Summary: Vendors who are focused on compromise of Level 0 to Level 1 communications should pivot to process variable anomaly detection.
There are a handful of vendors (Siga being the most active, Mission Secure, Fortiphyd, … and a couple I likely missed) who focus on monitoring Level 0 (sensor/actuator) to Level 1 (PLC/controller) communications and comparing the monitored points (data) to the same points at higher levels of the ICS. Any differences would flag either an attacker modifying the data or some non-malicious cause of the error.
This product category hasn’t garnered much mindshare or sales. Deploying and maintaining essentially a second network for monitoring the Level 0 to Level 1 communications is expensive, and there are many better ways to spend that money to efficiently reduced risk. It may be a fit for some special customers and special situations, but it is unlikely to ever be a mainstream OT security solution.
I recently received a demonstration from Siga, and the most interesting features to me was their analysis of the process data to identify process variable anomalies. Cases where the data representing the state of the physical process doesn’t make sense. Cases where some of the data must be wrong, whether via a cyber attack showing false data or one of the many other failures that are possible.
Most of the attention to process variable anomaly detection have involved digital twins, with GE’s Digital Ghost being a good example. A digital twin or sophisticated model is created and then correlations between the various points in the process can be identified through machine learning. Ideally you would find non-obvious correlations spread across multiple PLC’s or controllers to thwart replay attacks (think Stuxnet).
The problem with this is you need to create a digital twin for each site. It may be feasible for something that is fairly consistent such as a GE Mark VIe control system for a GE Turbine. This is not the typical situation. Even in the rare example of a company that buys primarily the same ICS, we see that each site is different and would need their own digital twin or model development. Many organizations have a hodgepodge of systems due to acquisitions, changing management decisions, and the preferences of the decision maker at individual plants.
The benefits of digital twins outside of security will increase the deployment of digital twins, but not at a pace and market penetration level that would block other lower cost and lower effort process variable anomaly solutions.
Siga’s process variable anomaly approach was different in that it didn’t try to model or understand the process. Rather it just looked at it as a set of data. A set of data that they already had in their product from two sources (the ICS and their Level 0/1 monitoring network). It was unclear whether this was unstructured machine learning, but it did essentially approach the problem that way. Here is a set of data, what appears to be anomalous?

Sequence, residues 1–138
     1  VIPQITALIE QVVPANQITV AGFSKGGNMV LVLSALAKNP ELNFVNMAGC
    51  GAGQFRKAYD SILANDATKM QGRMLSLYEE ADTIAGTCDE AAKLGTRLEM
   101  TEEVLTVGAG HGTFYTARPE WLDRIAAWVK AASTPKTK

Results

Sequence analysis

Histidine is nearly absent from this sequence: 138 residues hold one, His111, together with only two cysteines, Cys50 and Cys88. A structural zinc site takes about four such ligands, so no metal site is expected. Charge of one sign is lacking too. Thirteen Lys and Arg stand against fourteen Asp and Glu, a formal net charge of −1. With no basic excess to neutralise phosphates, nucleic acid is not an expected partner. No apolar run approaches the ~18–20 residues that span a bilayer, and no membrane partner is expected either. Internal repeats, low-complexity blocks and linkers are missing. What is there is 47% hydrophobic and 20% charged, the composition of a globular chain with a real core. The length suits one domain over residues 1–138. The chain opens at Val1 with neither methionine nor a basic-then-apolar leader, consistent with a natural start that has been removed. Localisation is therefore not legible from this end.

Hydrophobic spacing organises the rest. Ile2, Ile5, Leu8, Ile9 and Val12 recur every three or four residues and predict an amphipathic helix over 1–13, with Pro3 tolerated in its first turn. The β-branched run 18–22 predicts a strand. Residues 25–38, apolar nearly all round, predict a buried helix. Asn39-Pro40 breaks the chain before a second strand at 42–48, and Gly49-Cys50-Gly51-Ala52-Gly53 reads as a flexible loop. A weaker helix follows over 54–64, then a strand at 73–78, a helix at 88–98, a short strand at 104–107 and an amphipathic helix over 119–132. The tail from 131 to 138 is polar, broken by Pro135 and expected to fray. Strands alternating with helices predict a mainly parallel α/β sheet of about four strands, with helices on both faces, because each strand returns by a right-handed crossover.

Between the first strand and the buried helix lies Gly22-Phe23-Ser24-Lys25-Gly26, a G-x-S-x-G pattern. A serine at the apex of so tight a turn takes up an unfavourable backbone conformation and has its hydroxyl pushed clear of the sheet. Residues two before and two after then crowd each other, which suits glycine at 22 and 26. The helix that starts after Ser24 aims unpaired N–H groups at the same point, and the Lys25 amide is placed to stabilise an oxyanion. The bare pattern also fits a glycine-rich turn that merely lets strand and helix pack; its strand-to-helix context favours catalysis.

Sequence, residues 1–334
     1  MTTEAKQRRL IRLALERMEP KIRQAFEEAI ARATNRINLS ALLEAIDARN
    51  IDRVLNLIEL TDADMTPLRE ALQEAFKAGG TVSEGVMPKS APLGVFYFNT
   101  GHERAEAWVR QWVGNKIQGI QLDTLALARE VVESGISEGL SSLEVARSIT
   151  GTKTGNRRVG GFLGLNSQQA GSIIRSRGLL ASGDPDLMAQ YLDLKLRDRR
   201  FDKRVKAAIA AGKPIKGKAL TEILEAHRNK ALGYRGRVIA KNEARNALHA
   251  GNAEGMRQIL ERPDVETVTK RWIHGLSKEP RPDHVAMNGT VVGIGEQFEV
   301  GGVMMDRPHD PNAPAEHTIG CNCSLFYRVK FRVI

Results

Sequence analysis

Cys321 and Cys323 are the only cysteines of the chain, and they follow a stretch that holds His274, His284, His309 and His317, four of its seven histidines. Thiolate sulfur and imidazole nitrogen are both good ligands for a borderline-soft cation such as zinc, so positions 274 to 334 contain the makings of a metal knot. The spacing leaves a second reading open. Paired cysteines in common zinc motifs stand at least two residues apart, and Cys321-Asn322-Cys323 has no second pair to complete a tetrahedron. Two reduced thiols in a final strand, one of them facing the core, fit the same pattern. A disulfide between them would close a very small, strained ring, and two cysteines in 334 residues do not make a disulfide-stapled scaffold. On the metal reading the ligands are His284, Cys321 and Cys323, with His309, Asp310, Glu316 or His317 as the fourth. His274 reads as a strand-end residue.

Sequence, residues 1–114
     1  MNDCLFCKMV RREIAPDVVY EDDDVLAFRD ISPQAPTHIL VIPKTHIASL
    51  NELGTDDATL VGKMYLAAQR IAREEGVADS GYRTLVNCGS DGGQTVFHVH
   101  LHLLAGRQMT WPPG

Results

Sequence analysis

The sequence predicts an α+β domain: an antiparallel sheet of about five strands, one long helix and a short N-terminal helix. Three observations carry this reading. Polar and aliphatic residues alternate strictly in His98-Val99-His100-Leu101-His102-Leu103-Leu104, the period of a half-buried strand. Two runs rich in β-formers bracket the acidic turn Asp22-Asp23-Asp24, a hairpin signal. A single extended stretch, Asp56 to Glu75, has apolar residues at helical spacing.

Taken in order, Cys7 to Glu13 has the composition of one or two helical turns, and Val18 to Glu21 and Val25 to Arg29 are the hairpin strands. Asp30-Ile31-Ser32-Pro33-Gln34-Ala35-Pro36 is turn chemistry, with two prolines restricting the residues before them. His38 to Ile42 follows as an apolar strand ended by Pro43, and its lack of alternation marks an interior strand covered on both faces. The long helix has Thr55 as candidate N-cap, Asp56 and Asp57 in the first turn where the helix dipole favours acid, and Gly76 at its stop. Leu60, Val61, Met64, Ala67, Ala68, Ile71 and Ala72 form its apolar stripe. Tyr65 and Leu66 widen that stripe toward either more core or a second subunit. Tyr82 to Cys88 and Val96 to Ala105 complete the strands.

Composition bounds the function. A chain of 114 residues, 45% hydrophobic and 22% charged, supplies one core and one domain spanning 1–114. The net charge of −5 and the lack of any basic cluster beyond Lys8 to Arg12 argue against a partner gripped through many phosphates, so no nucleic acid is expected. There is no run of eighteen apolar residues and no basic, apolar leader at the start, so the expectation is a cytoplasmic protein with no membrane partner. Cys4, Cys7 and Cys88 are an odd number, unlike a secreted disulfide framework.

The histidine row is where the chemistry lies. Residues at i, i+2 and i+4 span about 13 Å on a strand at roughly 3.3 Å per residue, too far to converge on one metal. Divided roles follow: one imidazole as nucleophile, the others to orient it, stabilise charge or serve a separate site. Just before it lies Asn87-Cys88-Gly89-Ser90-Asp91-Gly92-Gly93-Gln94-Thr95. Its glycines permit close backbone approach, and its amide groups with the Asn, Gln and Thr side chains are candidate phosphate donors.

First, this can be a gradual pivot from the market’s perspective. The company doesn’t need to abandon their Level 0/1 monitoring product or the stake in the ground they have placed on the importance of this technology. From a technical perspective there isn’t much advancement required or available to comms monitoring, so a pivot wouldn’t be diverting R&D dollars.
The emphasis of development and marketing dollars shifts to the analysis and identification of process variable anomalies in unmodeled/unstructured data that has been collected somehow. The companies in this space shouldn’t care how they get this data. It will be most available from historians or other SCADA/DCS servers. Available without the cost of deploying the secondary Level 0/1 network.
Maybe even more important, available without changing the process or ICS. As I noted in last week’s article, the common factor in the two most successful OT security product markets:
They both can be deployed and used without making any changes to the ICS or the physical system being monitored and controlled. Detection got its foothold by being passive, only listening to the network … SW/FW analysis is an offline process not even taking place on the ICS. The input comes from the vendor, or from an asset owner providing a vendor package.
The OT detection market is a great example of a set of successful pivots. When it was too hard or too early for asset owners to deal with the detection data, the market pivoted to creating an asset inventory, then vulnerability management, and now risk management. OT detection never left the product, and is now being used by asset owners with a more mature OT security program.
The biggest problem with this pivot is mindshare. The OT detection space overwhelmed the market with incessant and quality (usually) messaging over a five year period. It got to the point that a CISO better have an answer when executives or the board asked what they were doing vis-a-vis this product category. The SBOM / composition analysis market has the wind at its back with the focus on supply chain and US Government mandates. The same could be said for “zero trust”, although this is harder in OT where there is typically no trust required in control commands … the opposite of zero trust.
Could a vendor, or even better a group of vendors, push the message of process variable anomaly detection from existing and accessible process data? I don’t know. I do know it is a pathway to a large market, and Level 0/1 monitoring is not. There are also exits if the market doesn’t develop to the desired size such as selling the technology to the Claroty, Dragos, Nozomi’s of this world. Or AWS or Azure. AWS, Azure and the king of historians AVEVA/OSIsoft’s PI system would be potential competitors. Claroty, Dragos and Nozomi though have shown that focus and an omnipresent marketing message can create $1B companies.